It’s here, huffing and puffing and blowing our houses in.
Not to belittle Covid rising or myriad international crises and challenges, but the greater good demands that we stop what we’re doing and confront climate change—here and now.
Wildfires. Heat waves. Tropical storms, hurricanes, tsunamis. Heat waves. Flooding. Draughts. Volcanoes and lava. Icebergs. Tornadoes. Air Quality. Haze.
All are symptoms — accessories and accomplices — of earth’s painful diseases.
Fuel spills and non-biodegradable plastic are destroying our oceans and their inhabitants. The Amazon is emitting more carbon than it’s absorbing. Flooding in Germany and Belgium defies explanation, as does passengers trapped in waist-high water inside a submerged subway and cars floating through streets, as deadly floods sweep through central China. Record high temperatures – some 50 degrees above normal – suffocate people trying to breathe in western Canada, California, Oregon, and Washington. Dozens of wildfires rage across the Pacific Northwest, with the region experiencing unrelenting draught while smoke stretches all the way to the East coast. Seemingly everywhere, haze obliterates the sky. And, in an ironic twist, smoke from the “bootleg” wildfires is changing the weather.
“There are more than 40 evacuation orders affecting about 5,700 people or almost 2,900 properties in the province,” reports the Canadian Broadcasting System. “There are also 69 evacuation alerts, affecting just under 33,000 people and about 16,000 properties. Three hundred of Canada’s 800 fires at the moment are raging in B.C. (British Columbia).”
Elsewhere, William Brangham reports on PBS from California’s San Joaquim Valley, “The demand for water has threatened the drinking supply for hundreds of thousands of rural residents—including the farmers who grow a significant part of the country’s food supply.”
Here in Portugal, 21 municipalities and districts have been placed at maximum risk of fire. As a Facebook friend put it following days of sweltering heat, “We’re making like lizards and keeping to the shade.”
Plastic pellets escape into the environment during every stage of their lifecycle–from production to transportation and during final product manufacturing. Together with single-use plastics which continue to line supermarket shelves, despite being banned by the government (in Portugal), they absorb toxins such as dioxins from water and transfer them to the marine food web and human diets, increasing the risk of adverse effects to wildlife and people, along with fishing and survival.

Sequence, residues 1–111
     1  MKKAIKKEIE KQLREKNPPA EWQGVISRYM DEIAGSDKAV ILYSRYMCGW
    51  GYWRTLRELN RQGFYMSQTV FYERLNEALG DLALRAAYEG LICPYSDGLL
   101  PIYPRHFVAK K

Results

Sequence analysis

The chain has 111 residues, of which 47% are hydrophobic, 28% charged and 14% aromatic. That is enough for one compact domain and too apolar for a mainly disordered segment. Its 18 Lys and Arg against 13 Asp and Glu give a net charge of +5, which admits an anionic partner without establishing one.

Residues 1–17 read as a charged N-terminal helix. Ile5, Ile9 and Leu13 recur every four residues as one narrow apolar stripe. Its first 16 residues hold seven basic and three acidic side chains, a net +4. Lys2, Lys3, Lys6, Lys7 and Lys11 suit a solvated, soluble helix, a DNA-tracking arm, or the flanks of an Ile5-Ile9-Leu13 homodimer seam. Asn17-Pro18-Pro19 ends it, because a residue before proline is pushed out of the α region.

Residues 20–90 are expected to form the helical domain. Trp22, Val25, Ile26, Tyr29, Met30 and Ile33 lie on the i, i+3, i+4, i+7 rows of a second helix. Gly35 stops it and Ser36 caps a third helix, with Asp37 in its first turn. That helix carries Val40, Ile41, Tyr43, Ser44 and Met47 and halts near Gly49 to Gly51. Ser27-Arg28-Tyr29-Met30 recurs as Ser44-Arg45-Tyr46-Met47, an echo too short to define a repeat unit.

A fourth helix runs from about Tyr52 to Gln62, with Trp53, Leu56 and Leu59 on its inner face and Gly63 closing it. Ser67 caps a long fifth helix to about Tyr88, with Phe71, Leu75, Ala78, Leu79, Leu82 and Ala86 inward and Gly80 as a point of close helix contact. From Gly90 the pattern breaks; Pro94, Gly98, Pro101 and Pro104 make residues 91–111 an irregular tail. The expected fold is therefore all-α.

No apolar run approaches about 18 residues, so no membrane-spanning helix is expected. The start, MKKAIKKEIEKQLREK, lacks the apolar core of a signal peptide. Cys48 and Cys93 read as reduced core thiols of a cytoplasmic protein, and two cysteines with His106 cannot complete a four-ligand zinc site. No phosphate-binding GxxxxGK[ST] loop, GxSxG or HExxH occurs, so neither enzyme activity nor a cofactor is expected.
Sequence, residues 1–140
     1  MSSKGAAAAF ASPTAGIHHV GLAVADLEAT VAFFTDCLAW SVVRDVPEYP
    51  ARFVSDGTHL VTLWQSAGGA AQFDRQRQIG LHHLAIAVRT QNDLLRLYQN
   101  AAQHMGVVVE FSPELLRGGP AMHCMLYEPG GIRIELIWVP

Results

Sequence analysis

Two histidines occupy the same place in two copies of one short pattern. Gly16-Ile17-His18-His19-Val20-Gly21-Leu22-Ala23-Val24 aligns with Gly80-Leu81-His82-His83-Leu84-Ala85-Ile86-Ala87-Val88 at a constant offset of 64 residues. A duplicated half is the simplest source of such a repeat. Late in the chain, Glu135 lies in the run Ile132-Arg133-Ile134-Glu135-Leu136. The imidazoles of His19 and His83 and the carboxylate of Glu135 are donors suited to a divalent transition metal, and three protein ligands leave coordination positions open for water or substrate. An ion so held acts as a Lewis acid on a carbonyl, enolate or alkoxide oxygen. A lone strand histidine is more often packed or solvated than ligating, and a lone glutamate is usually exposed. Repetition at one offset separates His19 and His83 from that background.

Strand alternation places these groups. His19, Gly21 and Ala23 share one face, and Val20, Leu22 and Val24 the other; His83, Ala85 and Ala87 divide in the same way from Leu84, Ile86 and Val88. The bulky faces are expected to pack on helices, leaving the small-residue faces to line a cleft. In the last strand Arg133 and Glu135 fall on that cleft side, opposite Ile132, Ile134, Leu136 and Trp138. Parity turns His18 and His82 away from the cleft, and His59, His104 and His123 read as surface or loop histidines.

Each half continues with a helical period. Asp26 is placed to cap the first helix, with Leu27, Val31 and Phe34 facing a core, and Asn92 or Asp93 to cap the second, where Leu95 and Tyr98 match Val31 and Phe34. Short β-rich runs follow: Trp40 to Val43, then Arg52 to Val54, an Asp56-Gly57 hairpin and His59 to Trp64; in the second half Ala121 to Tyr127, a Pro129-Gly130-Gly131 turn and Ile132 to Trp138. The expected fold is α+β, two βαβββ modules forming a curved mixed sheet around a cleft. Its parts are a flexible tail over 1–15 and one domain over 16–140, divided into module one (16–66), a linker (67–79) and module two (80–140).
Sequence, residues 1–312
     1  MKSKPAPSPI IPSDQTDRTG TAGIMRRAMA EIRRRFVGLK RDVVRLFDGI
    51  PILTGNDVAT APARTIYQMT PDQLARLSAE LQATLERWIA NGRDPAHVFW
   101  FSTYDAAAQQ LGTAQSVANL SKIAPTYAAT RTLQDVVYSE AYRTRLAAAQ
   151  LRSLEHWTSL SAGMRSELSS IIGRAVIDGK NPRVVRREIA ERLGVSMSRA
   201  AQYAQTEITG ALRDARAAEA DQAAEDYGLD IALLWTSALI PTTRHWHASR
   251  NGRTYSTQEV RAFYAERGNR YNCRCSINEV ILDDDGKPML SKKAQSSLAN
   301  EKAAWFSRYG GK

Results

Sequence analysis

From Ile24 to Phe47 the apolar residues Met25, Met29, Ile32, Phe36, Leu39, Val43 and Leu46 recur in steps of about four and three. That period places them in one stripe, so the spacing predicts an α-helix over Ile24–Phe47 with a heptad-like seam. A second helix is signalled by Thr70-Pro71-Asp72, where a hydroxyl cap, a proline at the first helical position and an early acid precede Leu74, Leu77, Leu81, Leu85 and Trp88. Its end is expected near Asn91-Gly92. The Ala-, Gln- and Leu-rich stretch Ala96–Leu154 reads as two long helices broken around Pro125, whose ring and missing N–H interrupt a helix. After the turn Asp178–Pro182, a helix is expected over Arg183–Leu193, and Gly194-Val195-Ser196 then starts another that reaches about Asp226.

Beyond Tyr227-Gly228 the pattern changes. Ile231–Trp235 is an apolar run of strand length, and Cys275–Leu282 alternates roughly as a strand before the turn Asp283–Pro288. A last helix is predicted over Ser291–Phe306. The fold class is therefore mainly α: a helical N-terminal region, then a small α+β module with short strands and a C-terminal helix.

The bacteria that make up “red tide,” Karenia brevis, already have killed more than 613 tons of marine life and fish around Tampa, Florida, as sewage stops everyone from bathing at an Algarve (Portugal) beach when a burst pipe causes sewage to be discharged into the sea.
Following his sky shuttle, space cadet Jeff Bezos of Amazon fame and fortune announces the commercial potential of his billionaire joy ride: All that dirty, polluting manufacturing and industrial waste will be moved from earth into outer space, leaving the earth a much more splendid place … even while the universe becomes a more contaminated “dumping ground.”
Already, global warming has become climate chaos. In the future, will it be universal?
Satellite data have shown that the world’s biggest iceberg is no more. Weighing billions of tons and bigger than many cities when it broke away from the Antarctic ice shelf in 2017, the iceberg has completely melted away. Scientists warn that this could be a sign of the quickened pace of global warming.
Greenland has decided to suspend all oil exploration off the world’s largest island, calling it “a natural step,” because the Arctic government “takes the climate crisis seriously.”
I don’t want to sound like Chicken Little, but we used to predict that the devastating effects of climate change and global warming would hit us in twenty to fifty years—worrisome for our children and grandchildren, but not nearly so deadly to us.
Climate scientists for decades have warned that the climate crisis would lead to more extreme weather. They said it would be deadly and it would be more frequent. But many are expressing surprise that heat and rain records are being broken by such large margins.
That’s the difference between prophets and profits.
Limiting global warming to 1.5C will be a “pipe dream,” predicts US climate envoy John Kerry, if China waits as late as 2030 – not even a decade away – for the peak of its emissions.
And the USA? Russia? The UK and EU? Africa and Asia?
Several developed countries, including the US, this year have significantly increased their commitments to reduce greenhouse gas emissions. The European Union last week unveiled an ambitious plan to put climate at the center of just about every development and economic initiative it has.
Yet many activists say that their pledges still fall short of the action needed to contain average global temperatures to 1.5 degrees Celsius, which the International Panel for Climate Change says is necessary to avoid even more catastrophic impacts of climate change. They also criticize governments that make ambitious pledges while continuing to approve new fossil fuel projects, including coal mines, and oil and gas facilities.
“When you look at what’s happening in Canada, where they had temperatures of 50 degrees (C), and what’s going on all over the world, it is clear this is the result of climate change,” Niklas Pieters told CNN, as he helped his parents clear the debris from their ravaged home in Schuld, Germany. “I don’t want to have to get used to this.”
Wake up and do something, people: climate change is here.
Maybe we all should watch The Day After (again) on Netflix?